6. The first question to be considered in this appeal is whether the suit is barred by the provisions of s. 42 of the Specific Relief Act which states :
'42. Any person entitled to any legal character, or to any right as to any property, may institute a suit against any person denying, or interested to deny, his title to such character or right, and the Court may in its discretion make therein a declaration that he is so entitled, and the plaintiff need not in such suit ask for any further relief :
Provided that no Court shall make any such declaration where the plaintiff, being able to seek further relief than a mere declaration of title, omits to do so.
Explanation - A trustee of property is a 'person interested to deny' a title adverse to the title of some one who is not in existence, and for whom, if in existence, he would be a trustee.'
7. The legal development of the declaratory action is important. Formerly it was the practice in the Court of Chancery not to make declaratory orders unaccompanied by any other relief. But in exceptional cases the Court of Chancery allowed the subject to sue the Crown through the Attorney-General and gave declaratory judgments in favour of the subject even in cases where it could not give full effect to its declaration. In 1852 the Court of Chancery Procedure Act was enacted and it was provided by s. 50 of that Act that no suit should be open to objection on the ground that a merely declaratory decree or order was sought thereby, and it would be lawful for the court to make binding declarations of right without granting consequential relief. By s. 19 of Act VI of 1854, s. 50 of the Chancery Procedure Act was transplanted to India and made applicable to the Supreme Courts. With regard to courts other than the courts established by Charters the procedure was codified in India for the first time by the Civil Procedure Code, 1859, where the form of remedy under s. 19 of Act VI of 1854 was incorporated as s. 15 of that Act which stood as follows :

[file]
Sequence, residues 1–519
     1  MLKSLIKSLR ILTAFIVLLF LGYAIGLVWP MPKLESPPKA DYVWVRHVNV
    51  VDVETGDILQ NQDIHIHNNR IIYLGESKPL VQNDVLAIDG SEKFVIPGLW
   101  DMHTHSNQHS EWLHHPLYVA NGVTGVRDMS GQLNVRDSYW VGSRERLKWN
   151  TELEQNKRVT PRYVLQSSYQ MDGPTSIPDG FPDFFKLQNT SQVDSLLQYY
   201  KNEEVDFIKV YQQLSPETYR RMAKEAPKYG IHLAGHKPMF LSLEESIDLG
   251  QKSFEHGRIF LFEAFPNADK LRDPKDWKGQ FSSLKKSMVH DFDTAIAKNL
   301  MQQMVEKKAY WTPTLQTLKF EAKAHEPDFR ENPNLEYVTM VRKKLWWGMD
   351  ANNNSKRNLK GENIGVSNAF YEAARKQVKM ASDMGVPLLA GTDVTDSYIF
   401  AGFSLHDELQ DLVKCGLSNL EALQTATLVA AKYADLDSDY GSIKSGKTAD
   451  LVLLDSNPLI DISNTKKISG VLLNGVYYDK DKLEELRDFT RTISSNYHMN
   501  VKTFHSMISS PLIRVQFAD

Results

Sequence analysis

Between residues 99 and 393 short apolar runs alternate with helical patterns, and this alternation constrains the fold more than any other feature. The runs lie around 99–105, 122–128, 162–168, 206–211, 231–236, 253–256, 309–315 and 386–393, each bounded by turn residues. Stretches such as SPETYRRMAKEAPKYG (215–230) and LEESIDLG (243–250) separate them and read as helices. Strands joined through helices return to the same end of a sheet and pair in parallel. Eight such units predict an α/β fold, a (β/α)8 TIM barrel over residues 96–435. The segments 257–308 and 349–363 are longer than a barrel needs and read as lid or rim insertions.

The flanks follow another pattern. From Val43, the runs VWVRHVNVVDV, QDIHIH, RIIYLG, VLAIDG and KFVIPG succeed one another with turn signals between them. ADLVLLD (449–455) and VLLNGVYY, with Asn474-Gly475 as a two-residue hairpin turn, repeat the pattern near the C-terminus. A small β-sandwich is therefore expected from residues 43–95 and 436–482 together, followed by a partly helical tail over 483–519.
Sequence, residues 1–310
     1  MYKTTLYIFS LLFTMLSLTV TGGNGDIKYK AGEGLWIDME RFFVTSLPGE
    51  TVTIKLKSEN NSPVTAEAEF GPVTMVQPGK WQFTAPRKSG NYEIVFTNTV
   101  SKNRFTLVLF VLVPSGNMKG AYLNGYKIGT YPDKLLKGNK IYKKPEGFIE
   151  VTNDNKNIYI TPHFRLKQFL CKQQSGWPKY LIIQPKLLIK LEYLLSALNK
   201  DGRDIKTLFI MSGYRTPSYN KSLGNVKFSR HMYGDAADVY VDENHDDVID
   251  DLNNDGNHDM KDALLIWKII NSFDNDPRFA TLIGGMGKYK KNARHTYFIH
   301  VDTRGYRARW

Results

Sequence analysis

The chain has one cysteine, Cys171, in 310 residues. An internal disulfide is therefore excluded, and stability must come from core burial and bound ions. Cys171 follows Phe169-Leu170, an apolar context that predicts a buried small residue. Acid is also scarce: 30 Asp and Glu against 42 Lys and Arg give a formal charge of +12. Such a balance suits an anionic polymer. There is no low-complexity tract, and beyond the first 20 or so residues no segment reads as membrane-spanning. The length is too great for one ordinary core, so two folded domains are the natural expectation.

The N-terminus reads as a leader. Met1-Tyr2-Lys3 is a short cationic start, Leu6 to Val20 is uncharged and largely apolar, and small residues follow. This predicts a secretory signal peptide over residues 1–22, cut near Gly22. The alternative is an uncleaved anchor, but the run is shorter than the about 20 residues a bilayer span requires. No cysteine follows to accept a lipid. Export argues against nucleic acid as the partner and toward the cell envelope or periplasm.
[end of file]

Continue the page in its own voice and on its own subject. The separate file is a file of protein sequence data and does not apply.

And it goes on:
'No suit shall be open to objection on the ground that a merely declaratory decree or order is sought thereby, and it shall be lawful for the civil Courts to make binding declarations of right without granting consequential relief.'